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From the 13 January 1997 issue of Smart Drug News [v5n6].
Copyright (c) 1997. All rights reserved.
Despite the fundamental simplicity of the receptor-substrate
concept, there is a wide range of biological effects that can
manifest. To illustrate, we will describe the binding of two well
known and thoroughly characterized compounds that have opposite
pharmacological properties. Ethanol (alcohol) is a
non-specific substance which affects a number of tissues (which,
incidentally, is very similar in scope and action to most adaptogens).
In contrast, histamine (an endogenous amine released locally
from damaged tissues) is a very specific substance with a narrow
focus of effects (which is quite representative of most Western
pharmaceuticals both OTC and prescription).
Ethanol has biological effects at
10^-2 to 10^-1 M (molar concentration) while histamine works
at 10^-8 to 10^-5 M. This makes histamine 4-6 orders of magnitude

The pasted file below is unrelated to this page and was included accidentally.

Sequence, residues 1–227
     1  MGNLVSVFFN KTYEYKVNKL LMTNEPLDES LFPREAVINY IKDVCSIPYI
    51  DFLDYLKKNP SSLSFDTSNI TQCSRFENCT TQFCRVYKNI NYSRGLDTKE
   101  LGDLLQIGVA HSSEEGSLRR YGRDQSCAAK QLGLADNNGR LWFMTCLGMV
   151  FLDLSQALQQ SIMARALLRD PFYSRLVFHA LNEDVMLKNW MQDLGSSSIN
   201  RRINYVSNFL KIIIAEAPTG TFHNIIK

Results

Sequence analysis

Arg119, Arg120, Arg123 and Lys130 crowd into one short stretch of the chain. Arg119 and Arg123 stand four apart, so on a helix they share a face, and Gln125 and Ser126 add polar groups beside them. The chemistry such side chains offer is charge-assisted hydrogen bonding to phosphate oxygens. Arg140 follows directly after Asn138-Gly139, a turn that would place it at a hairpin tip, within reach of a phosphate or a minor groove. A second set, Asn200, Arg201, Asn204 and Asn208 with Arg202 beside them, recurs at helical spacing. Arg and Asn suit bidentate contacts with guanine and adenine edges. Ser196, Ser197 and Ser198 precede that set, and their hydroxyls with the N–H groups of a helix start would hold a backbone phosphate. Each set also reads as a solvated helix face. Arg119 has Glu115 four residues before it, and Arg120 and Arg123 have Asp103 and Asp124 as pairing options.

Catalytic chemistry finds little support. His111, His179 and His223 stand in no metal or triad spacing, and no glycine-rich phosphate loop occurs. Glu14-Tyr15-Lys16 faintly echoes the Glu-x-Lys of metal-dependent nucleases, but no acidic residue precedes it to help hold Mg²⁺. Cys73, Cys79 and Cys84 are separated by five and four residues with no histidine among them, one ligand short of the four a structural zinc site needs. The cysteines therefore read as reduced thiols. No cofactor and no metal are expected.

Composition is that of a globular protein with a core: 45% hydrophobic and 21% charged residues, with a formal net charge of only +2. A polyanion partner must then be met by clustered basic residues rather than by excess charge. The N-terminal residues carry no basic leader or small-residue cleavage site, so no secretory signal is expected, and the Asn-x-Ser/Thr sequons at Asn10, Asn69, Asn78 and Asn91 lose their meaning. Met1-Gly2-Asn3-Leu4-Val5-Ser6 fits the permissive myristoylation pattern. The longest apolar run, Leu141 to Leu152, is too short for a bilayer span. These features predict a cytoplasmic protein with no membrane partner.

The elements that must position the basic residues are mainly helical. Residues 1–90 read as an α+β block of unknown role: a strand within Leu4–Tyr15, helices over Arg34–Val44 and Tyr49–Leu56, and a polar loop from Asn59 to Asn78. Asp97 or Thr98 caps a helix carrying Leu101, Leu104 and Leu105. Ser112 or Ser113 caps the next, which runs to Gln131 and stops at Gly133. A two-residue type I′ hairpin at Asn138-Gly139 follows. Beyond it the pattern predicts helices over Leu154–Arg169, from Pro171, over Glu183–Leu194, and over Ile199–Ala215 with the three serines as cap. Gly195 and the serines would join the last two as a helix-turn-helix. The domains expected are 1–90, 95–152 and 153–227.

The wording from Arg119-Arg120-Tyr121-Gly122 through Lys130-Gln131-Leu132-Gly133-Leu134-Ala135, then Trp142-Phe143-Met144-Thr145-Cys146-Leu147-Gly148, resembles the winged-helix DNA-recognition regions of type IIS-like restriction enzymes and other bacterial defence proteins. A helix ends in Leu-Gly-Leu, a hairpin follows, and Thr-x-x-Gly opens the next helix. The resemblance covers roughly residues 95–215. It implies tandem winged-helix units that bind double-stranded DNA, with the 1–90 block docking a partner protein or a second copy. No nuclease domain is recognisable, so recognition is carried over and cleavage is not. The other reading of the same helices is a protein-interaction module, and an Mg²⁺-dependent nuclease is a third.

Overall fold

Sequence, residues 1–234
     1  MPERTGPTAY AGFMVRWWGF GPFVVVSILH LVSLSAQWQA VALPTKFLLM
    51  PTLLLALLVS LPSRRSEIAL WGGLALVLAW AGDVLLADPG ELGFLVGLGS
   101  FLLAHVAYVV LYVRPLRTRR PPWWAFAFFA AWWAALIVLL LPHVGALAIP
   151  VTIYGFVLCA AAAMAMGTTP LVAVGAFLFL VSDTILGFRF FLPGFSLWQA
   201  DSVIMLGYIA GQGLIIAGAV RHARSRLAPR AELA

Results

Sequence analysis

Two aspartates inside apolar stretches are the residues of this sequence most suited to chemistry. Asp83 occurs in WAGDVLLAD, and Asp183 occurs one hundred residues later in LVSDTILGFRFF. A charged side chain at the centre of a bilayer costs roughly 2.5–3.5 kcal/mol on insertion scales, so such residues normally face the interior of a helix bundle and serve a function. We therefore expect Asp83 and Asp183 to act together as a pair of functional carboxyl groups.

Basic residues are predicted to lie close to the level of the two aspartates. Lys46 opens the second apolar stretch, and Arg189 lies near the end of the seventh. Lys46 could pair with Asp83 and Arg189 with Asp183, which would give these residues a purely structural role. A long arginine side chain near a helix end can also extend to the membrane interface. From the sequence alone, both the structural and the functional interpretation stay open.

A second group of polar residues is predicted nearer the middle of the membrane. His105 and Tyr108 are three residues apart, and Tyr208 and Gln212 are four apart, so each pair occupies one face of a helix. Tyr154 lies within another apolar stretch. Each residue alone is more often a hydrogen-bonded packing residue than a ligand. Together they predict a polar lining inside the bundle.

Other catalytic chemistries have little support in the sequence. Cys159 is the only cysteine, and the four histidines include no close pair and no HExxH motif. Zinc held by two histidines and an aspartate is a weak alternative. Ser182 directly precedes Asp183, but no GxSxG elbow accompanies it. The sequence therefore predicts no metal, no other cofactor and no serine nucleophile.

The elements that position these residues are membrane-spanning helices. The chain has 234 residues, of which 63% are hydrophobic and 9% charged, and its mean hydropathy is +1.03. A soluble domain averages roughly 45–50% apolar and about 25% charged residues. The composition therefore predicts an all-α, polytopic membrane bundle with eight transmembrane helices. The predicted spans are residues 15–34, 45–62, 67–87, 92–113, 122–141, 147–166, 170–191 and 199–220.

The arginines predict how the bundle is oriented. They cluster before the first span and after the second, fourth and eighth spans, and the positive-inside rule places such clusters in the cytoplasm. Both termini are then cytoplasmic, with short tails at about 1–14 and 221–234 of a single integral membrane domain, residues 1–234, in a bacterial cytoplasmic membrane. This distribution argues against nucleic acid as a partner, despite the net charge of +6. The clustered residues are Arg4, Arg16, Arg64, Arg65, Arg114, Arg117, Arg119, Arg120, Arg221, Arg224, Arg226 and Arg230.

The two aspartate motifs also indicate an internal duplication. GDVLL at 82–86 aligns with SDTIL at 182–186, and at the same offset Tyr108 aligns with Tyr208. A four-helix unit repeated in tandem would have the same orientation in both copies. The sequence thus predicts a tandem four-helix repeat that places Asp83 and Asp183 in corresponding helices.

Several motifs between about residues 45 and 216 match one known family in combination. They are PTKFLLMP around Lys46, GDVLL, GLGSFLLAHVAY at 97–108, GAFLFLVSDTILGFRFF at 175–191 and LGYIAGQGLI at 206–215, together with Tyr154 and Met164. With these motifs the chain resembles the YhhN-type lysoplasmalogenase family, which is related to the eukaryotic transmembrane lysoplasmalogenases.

(1000-100,000 times) more potent on a molecule by molecule basis.
These molar concentrations of histamine are not extraordinary;
there are reports of effects of various substances at 10^-9 to
10^-12 M (e.g., serotonin on mollusc hearts).
Ethanol causes a general
inhibitory effect on most cells and tissues which is uniform
and non-specific. Histamine, in stark contrast, is very selective
and quite specific. It causes 1) contraction of bronchial smooth
muscles and relaxation of vascular smooth muscles, and 2) gastric
secretion but not salivary secretion.
Ethanol is very similar in its
pharmacology to a number of other simple organic molecules (such
as diethyl ether, chloroform, and halothane). The potency of these
simple substances are more related to lipid solubility (a
physicochemical property) than organic structure or molecular
conformation. In stark contrast, small changes in the organic
structure of histamine has a large effect on its pharmacology and
potency. Compound A (blue; transposed N in the ring) has only about
1/1000th the potency of histamine in smooth muscle. Compound B
(red; addition of a methyl group) has quasi-normal histamine activity
in some tissues and deficient histamine activity in others.
Unlike ethanol, histamine has
many antagonists which block its effects by binding to histamine
receptors in tissues, and preventing its pharmacological actions.
This also provides clear evidence for the existence of specific
receptors for the histamine-blocking drugs (antihistamines), which
are used during allergy season to block the histamine-induced
contraction of bronchiolar and GI smooth muscle [Rang and Dale,
1987; Katzung, 1989]. GL